Commissioner Dan Saltzman remained mum this morning when City Council approved its consent agenda,
which included an update on Commissioner Randy Leonard's plan to buy a high-speed rescue boat.
That rescue boat purchase was approved 4-1 last October in response to the death of a 4-year-old boy, who was pushed off the Sellwood Bridge
along with his older sister. The girl survived. The mother pleaded not guilty.
Saltzman was the lone "no" vote at the time, saying he didn't support using $200,000 from the city's reserves to buy the $367,000 boat.
But this morning, there was no discussion when city commissioners approved a $7,500 donation toward the purchase of a $16,713 "forward-looking infrared radar"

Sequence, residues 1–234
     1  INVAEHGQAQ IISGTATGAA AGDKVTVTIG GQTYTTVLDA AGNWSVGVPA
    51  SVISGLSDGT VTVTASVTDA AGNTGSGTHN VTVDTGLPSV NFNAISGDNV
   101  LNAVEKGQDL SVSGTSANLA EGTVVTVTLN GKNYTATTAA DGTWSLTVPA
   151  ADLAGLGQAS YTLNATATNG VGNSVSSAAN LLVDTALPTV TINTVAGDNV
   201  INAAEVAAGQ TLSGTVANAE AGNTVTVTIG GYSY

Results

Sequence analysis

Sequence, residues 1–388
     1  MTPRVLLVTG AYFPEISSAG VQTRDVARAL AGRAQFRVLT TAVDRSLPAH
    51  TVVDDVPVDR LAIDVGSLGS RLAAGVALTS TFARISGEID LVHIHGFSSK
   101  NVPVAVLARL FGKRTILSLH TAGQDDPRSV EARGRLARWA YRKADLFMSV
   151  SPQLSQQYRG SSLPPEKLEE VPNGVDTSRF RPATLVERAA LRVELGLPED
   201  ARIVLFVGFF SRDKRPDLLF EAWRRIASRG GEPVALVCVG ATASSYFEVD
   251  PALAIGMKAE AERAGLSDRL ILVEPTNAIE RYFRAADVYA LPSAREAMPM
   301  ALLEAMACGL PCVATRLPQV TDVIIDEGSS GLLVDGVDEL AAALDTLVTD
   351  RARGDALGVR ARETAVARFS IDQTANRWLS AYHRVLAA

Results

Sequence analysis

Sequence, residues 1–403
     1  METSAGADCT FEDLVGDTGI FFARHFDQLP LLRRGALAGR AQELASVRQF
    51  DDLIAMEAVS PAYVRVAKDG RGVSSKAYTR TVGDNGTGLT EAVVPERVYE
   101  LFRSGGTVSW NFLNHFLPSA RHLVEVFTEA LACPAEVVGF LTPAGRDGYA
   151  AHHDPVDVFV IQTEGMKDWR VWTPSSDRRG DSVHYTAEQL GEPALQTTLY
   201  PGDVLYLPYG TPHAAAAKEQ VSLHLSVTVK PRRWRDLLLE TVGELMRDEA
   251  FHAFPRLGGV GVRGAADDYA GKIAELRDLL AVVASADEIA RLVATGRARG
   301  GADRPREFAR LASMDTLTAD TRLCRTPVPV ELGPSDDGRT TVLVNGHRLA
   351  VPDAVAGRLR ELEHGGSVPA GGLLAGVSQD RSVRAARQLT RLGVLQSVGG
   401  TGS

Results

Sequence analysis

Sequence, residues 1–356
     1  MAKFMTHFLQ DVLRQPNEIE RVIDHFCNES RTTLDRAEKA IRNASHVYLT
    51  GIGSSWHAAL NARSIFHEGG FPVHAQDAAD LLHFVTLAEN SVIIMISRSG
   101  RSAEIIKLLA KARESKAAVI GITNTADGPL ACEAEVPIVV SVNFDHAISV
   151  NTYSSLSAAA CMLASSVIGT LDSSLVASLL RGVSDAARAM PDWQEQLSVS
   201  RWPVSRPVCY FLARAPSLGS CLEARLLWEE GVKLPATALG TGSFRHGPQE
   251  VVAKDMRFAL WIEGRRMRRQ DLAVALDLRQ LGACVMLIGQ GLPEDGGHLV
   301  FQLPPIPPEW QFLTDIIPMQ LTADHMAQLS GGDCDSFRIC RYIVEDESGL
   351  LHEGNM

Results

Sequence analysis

that will be installed on the boat.
A small matter, surely. But the decision is one that reveals a couple of curious facts about City Hall and the inner workings of city government.
A private company that sells fire insurance to property owners is donating the money (along with five laptops) to the city. The Fire Bureau isn't ready to make the purchase, so it's asking the company to give the money to Toy N Joy Makers, a $1.2 million-a-year nonprofit run by retired Portland firemen out of an old Portland firehouse that gives toys to poor kids.
A spokesman for the fire bureau says the private company, the Fireman's Fund Insurance Company,
is essentially "parking" the money with the nonprofit until the city is ready to spend it on the radar.
In the last five years, the Fireman's Fund has donated about $200,000 to Portland,
Fire Lt. Allen Oswalt says.
Photo of training exercise in North Portland.